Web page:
Although some commentators have said on occasion that Blake’s couples appear to be random and have no relation to each other, the following couplets seem linked both in content and in form. They all involve an animal as symbol of a greater ideal or entity. Mention of all of these animal-symbols are followed by some sort of action, these all resulting in an unexpected outcome.
“The game-cock clipt and arm’d for flight
Does the rising sun affright.
Every wolf’s and lion’s howl
Raises from hell a human soul.
The wild deer, wand’ring here and there
Keeps the human soul from care.
The lamb misus’d breeds public strife,
And yet forgives the butcher’s knife.
The bat that flits at close of eve
Has left the brain that won’t believe.
The owl that calls upon the night
Speaks the unbeliever’s fright.”
Imagery invoking fear is present in most of these lines. The frightened sun, the human soul from hell raised, the bat at the close of eve, and the fright evoked by the owl are all Blake’s reflections on nature and how it should be respected and feared. At the same time, they symbolize the struggles of humanity against itself. The most interesting couplet of this section is the one speaking of the lamb. Unlike the rest of the couplets in this section, this one can easily be linked to biblical symbolism and can be read as criticism against established religious institutions.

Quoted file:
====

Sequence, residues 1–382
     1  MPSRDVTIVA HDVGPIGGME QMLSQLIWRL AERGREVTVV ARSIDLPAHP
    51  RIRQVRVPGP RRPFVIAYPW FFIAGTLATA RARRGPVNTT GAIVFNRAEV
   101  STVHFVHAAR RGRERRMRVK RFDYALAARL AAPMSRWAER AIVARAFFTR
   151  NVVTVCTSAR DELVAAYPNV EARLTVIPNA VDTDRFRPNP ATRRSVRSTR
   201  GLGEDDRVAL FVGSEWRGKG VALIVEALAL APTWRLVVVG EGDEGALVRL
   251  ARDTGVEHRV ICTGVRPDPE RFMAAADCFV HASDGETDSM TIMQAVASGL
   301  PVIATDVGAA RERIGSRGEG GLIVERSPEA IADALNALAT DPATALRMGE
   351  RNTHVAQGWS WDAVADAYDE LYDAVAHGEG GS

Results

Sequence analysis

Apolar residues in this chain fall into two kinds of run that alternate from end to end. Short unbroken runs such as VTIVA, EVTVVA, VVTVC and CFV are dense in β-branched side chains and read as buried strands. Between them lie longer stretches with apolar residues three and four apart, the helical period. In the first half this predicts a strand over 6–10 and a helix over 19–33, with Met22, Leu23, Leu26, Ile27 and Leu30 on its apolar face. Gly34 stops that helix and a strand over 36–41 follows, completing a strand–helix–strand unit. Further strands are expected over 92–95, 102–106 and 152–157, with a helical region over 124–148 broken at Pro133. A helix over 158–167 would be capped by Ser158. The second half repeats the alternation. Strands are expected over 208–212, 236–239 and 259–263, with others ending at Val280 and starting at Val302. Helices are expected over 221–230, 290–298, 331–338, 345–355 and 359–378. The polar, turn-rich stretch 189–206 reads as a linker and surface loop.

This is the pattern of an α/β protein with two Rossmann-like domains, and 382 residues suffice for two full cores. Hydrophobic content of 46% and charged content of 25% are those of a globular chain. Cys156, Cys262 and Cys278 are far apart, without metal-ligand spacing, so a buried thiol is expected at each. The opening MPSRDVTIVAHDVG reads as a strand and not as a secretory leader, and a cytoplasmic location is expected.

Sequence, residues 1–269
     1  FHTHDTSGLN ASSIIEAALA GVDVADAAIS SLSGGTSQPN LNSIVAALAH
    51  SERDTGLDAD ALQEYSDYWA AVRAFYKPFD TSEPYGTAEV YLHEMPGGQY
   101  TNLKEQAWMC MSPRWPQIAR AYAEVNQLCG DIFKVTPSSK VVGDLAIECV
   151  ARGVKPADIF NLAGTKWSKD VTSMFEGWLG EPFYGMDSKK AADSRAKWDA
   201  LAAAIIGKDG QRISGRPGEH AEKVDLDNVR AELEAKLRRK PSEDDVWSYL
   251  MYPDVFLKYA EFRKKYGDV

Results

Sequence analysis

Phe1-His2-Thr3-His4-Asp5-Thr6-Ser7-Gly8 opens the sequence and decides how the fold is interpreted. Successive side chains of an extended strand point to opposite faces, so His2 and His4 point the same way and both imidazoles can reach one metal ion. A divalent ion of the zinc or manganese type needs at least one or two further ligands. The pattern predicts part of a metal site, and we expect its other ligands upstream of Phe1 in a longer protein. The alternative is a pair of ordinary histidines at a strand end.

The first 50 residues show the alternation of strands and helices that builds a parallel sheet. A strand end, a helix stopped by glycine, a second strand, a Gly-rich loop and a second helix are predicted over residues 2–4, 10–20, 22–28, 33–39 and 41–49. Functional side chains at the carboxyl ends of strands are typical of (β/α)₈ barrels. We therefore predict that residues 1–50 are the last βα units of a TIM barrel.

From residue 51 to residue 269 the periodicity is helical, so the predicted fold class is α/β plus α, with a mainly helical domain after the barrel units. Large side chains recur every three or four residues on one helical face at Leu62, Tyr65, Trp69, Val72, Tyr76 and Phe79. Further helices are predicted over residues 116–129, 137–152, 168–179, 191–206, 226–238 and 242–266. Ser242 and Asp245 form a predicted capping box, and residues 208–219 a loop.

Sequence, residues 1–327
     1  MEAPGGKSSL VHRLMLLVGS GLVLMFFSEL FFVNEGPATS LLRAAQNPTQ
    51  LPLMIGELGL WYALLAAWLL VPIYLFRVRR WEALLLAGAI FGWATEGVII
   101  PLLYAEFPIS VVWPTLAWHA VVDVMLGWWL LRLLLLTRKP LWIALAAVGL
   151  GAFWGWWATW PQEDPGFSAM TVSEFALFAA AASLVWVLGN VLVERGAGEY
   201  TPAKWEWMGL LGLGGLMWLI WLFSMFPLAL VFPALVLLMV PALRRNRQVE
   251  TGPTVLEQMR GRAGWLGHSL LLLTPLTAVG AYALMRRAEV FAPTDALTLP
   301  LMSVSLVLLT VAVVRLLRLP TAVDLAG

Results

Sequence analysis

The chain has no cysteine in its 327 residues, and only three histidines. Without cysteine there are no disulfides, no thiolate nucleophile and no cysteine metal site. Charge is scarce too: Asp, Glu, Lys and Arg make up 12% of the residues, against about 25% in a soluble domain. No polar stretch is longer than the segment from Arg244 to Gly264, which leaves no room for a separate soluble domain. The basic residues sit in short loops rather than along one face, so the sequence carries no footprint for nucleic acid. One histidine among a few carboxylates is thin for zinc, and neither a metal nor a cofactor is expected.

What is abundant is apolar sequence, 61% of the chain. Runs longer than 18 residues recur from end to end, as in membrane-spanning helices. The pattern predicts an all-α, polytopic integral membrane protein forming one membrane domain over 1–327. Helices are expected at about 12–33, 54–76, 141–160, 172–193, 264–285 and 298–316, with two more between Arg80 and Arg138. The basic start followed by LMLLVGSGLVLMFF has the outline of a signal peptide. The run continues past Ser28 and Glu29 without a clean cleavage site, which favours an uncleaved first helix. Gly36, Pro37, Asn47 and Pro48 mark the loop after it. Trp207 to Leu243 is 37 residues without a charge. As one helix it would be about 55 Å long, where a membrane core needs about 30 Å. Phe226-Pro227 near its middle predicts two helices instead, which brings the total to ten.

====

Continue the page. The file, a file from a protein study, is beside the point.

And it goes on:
“The lamb misus’d breeds public strife,
And yet forgives the butcher’s knife.”
The lamb, symbolizing Blake’s Christ of spontaneous creation, being misused is a commentary on how established religion uses the Christ figure, which to Blake was a figure of liberation, rebellion, and creative energy, as an instrument of oppression to keep the general population docile with the hope of some eternal afterlife. To Blake, despite being misused, the Christ figure represented in the lamb forgives the organized religious institutions that butcher Christ’s message of creative expression, as the lamb forgives all.
The following four couplets all comment on how to respect nature.
“He who shall hurt the little wren
Shall never be belov’d by men.
He who the ox to wrath has mov’d
Shall never be by woman lov’d.
The wanton boy that kills the fly
Shall feel the spider’s enmity.”
He who torments the chafer’s sprite
Weaves a bower in endless night.”
These lines all fairly self-explanatory and show the repercussions of harming nature. This section of the poem marks the start of a complex weaving of topics that constantly shifts back and forth between the ideas of revolution against oppression for which Blake is known, the reverence towards nature that earned Wordsworth the title of “Nature’s poet”, and a sense of egalitarianism like the one that Keats is known for. Indeed, the rest of Blake’s Auguries showcase a combination of all the sentiments that made romantic poetry romantic. But the rest of this poem shall be unlocked in a different text.
I have decided to include these posts and the rest of the analysis of this poem in a working title on Blake which will include a biography of Blake (certainly not one to compete with the Bentley, but one more accessible to students and researchers alike), thorough analyses of all of Blake’s early works (from his Sketches to the Marriage of Heaven and Hell), a brief analysis of Blake’s Urzien texts (Frye’s insightful and thorough analysis, I think, have unlocked most – if not all – the mysteries of the Urzien mythology), and, of course, and in-depth look at Blake’s most under-analyzed and most worthy poem: Auguries of Innocence.